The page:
Pure cinema it is not, but this Lincoln is a sly one. As gripping as the back-room machinations of the 13th Amendment are (and they aren’t), Spielberg and Kushner have made a slow, stagy film: I don’t trust any movie this verbose (be it the surrender at Appomattox, or Lincoln’s ride through a field strewn with corpses, the best bits are silent). And some scenes are pat in their desire to be fresh (using, for example, the Gettysburg Address and Lincoln’s death as we may not expect {corners to the movie though they are}). Still, Hollywood makes too few literate epics, and this one takes a serious subject seriously. Suiting himself to the scale and tone of the film, Daniel Day-Lewis drives it.  This Lincoln barely escapes the martyrdom it would have him wear. He is a wheeler, a dealer, a true politician; and he loves to command a room (i.e., a country). Intuiting the need for presidents to act presidential, he plays Lincoln as Lincoln himself must have: with shrewdness, pomp and conviction, in a race against time and the limits of one’s own legacy. So, while it is neither newsy nor great, the movie has purpose (to tell a history, and to win Oscars), if not much of a pulse. I like it for the other war it shows—the one between Lincoln and his ego.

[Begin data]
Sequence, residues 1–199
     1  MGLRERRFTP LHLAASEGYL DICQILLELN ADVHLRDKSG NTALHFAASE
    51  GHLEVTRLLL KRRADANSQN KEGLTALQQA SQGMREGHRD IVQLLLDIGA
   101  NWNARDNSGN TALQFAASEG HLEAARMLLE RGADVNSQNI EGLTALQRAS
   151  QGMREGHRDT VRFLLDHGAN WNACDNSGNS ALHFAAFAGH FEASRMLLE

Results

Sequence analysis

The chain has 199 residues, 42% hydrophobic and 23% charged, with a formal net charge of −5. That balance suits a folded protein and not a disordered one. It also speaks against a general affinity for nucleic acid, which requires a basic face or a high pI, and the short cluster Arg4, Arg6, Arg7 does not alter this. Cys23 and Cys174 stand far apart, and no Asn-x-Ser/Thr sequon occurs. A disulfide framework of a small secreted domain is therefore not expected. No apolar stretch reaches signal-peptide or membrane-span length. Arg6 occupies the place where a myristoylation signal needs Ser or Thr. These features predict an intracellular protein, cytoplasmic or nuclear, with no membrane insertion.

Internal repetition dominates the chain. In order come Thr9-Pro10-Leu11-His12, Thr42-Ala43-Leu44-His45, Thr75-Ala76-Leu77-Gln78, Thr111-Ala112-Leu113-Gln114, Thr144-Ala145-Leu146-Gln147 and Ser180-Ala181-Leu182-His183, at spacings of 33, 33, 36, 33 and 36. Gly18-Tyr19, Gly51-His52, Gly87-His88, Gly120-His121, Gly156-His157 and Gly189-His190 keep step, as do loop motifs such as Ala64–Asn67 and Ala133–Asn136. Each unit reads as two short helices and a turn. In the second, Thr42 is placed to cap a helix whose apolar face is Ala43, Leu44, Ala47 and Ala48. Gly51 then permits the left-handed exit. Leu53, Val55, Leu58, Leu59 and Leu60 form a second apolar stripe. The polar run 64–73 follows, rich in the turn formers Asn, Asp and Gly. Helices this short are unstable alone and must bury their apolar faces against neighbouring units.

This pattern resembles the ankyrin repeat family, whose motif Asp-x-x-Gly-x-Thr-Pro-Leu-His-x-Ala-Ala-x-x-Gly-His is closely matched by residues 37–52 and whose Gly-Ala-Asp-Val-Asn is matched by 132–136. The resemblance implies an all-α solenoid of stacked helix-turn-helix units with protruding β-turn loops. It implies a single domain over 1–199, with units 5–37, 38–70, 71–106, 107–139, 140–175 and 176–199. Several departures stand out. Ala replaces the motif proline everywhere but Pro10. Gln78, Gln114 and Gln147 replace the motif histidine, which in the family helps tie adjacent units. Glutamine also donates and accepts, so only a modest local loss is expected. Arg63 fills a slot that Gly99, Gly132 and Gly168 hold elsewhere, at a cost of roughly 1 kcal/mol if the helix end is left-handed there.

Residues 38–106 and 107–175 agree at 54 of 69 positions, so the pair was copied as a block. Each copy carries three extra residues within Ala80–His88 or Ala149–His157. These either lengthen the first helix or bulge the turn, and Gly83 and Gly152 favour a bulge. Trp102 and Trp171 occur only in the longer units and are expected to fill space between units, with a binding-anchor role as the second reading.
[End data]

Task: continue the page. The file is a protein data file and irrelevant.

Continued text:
Rating: B-

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